Dianne Kask is a retired school teacher from Aldergrove and active member of the Betrand Creek Enhancement Society, where she has spent many hours removing invasive species from riparian areas, participated in countless garbage cleanups and tree plantings, and volunteer her time as the coordinator of the Parkside Elementary School environmental club, bringing hands on environmental education opportunities to students.
Maxime Labreque In his volunteer work with LEPS, Maxime has been involved in clearing brambles, eliminating invasive species and general care of the community garden. He also volunteers at the Raptor Ranch where he performs bird handling, basic medical intervention and falconry. Further, he works with Hives for Humanity to maintain two beehives.
Langley Field Naturalists The field naturalists have made significant stewardship efforts over the past 33 years including inventory of the Mountainview Crown Lands, inventory of natural areas, yearly garbage clean-ups, adoption of two trails, stewardship of the Hope/Redwoods Conservation area and protection of the Brydon Lagoon. Other business nominations included: Great Canadian Oil Change, Watchers of Langley Forests, Roots and Wings Montessori School, T&P Trucking Ltd., A Rocha Canada, Coast Spas, McElhanney Consulting Services, and Leo Mitrunen Development Corporation.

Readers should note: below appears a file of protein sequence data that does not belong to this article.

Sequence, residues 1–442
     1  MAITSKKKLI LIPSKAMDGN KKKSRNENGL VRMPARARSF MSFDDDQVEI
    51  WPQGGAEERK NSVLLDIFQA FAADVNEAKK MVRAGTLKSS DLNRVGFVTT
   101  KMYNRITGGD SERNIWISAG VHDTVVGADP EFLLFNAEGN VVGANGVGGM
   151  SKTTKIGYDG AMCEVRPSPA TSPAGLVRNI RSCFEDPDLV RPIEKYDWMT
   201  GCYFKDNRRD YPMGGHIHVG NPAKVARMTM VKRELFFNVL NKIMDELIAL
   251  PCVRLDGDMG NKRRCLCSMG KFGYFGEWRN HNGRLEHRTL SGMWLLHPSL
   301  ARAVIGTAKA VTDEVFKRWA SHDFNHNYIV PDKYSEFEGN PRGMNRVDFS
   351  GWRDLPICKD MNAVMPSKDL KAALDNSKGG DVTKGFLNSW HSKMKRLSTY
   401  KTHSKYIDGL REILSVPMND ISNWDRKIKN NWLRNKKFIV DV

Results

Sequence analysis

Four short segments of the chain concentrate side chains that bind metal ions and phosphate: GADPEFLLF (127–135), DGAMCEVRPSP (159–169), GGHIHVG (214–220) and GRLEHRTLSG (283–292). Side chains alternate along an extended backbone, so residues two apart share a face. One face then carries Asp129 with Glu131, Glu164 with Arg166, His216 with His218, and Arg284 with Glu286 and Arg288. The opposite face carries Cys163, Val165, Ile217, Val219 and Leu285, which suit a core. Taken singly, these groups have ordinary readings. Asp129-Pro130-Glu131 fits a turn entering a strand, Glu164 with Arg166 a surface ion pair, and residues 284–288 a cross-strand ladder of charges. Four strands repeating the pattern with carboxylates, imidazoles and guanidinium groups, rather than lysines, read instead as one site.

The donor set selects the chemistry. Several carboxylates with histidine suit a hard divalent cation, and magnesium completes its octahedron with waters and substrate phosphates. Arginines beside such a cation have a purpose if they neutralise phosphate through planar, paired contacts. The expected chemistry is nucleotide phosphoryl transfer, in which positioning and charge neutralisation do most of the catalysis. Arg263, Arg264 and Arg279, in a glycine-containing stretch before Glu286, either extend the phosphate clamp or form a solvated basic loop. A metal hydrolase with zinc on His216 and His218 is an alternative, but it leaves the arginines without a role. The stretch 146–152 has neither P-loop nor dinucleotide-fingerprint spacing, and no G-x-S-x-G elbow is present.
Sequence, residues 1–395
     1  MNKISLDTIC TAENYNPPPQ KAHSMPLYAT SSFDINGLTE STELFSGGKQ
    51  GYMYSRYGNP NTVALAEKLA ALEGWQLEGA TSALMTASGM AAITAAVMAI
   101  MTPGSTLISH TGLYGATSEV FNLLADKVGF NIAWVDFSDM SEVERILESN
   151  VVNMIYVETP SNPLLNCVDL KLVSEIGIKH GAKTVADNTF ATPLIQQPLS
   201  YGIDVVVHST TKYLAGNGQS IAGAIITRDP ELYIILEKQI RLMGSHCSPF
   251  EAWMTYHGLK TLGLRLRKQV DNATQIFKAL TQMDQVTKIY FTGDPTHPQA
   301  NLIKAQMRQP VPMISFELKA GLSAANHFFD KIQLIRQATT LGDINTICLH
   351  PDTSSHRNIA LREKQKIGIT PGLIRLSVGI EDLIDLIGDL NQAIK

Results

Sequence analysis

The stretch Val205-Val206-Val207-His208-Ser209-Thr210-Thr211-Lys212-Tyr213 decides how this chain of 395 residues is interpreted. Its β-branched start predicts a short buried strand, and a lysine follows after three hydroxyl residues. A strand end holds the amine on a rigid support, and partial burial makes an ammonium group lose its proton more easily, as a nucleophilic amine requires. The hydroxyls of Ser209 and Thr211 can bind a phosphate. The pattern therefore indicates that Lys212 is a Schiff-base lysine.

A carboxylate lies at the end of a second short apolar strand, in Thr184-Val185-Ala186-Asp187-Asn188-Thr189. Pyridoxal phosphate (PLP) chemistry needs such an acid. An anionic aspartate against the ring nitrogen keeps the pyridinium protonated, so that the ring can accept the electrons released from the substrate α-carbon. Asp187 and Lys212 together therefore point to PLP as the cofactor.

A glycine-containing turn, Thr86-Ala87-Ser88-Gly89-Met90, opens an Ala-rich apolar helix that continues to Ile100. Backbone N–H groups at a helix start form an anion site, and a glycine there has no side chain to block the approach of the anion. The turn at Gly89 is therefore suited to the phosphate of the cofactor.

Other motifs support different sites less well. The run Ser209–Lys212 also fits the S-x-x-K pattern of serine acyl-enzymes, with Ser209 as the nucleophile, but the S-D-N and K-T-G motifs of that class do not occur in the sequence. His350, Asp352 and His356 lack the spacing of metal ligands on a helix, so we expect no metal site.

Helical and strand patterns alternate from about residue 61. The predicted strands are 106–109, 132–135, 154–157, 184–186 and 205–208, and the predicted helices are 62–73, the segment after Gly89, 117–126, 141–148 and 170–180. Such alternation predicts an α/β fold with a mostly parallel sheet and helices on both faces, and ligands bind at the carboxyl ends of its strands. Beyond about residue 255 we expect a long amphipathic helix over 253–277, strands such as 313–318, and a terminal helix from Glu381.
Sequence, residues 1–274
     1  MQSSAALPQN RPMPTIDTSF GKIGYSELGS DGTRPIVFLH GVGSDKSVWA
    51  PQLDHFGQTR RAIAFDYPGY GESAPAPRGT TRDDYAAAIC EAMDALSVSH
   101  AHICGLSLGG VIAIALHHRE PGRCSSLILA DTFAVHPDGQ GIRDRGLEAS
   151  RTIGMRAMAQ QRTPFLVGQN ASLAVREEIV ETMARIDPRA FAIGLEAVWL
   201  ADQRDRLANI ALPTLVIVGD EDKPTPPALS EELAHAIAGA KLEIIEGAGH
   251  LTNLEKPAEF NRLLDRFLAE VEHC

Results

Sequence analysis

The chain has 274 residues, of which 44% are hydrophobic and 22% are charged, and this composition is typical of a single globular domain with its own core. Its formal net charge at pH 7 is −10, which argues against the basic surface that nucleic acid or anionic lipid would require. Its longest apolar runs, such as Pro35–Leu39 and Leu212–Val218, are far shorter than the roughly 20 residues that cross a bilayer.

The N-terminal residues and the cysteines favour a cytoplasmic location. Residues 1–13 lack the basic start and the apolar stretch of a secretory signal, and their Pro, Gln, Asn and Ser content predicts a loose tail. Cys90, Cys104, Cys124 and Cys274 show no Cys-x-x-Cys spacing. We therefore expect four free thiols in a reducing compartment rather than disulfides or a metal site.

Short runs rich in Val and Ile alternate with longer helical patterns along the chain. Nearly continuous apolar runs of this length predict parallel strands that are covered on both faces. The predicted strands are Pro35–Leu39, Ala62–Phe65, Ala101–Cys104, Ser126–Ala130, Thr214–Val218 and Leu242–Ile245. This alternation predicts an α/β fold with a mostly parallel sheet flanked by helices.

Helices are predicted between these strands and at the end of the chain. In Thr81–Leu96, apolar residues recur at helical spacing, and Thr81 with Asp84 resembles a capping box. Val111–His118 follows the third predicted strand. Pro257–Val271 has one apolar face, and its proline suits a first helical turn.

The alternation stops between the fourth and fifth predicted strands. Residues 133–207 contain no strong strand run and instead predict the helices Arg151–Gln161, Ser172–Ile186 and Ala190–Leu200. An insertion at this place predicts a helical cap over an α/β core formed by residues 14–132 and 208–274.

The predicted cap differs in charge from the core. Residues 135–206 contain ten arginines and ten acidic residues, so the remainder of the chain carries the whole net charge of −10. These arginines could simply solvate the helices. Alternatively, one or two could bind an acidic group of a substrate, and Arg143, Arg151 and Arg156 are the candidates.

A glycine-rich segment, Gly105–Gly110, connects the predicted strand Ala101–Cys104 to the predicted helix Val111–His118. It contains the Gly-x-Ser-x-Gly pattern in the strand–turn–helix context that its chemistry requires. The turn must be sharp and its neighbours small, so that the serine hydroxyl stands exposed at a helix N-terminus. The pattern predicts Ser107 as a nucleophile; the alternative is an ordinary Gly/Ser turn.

Susan Falk Susan was nominated for her efforts to keep local residents and others aware of the need to protect McLellan Forest East. Susan creatively collaborated with poets to produce a series of paintings that depict scenes of the forest echoed in the poetry. All paintings were successfully bid on to benefit the non-profit group Watchers of the Langley Forests (WOLF) in their efforts to save the forest. Other individual nominations included: Wally Martin, Ruth Stewart, Alice Kennedy, Aaron S. Moron, Susan Hille, David Catzel, Stephanie Captein, Shawna McDowell, Dr. David Clements, Evelyn Faulkner, Lisa Dreves, Shannon Mackenzie, Marilyn Piticco, and Rhys Griffiths. Congratulations to previous winners and nominees for making such a difference to our environment! Natal Cicuto, Deven Azavedo, Robert Puls, 1 Fish 2 Fish Sea Food Market, Doug McFee, and Bruce Van Garderen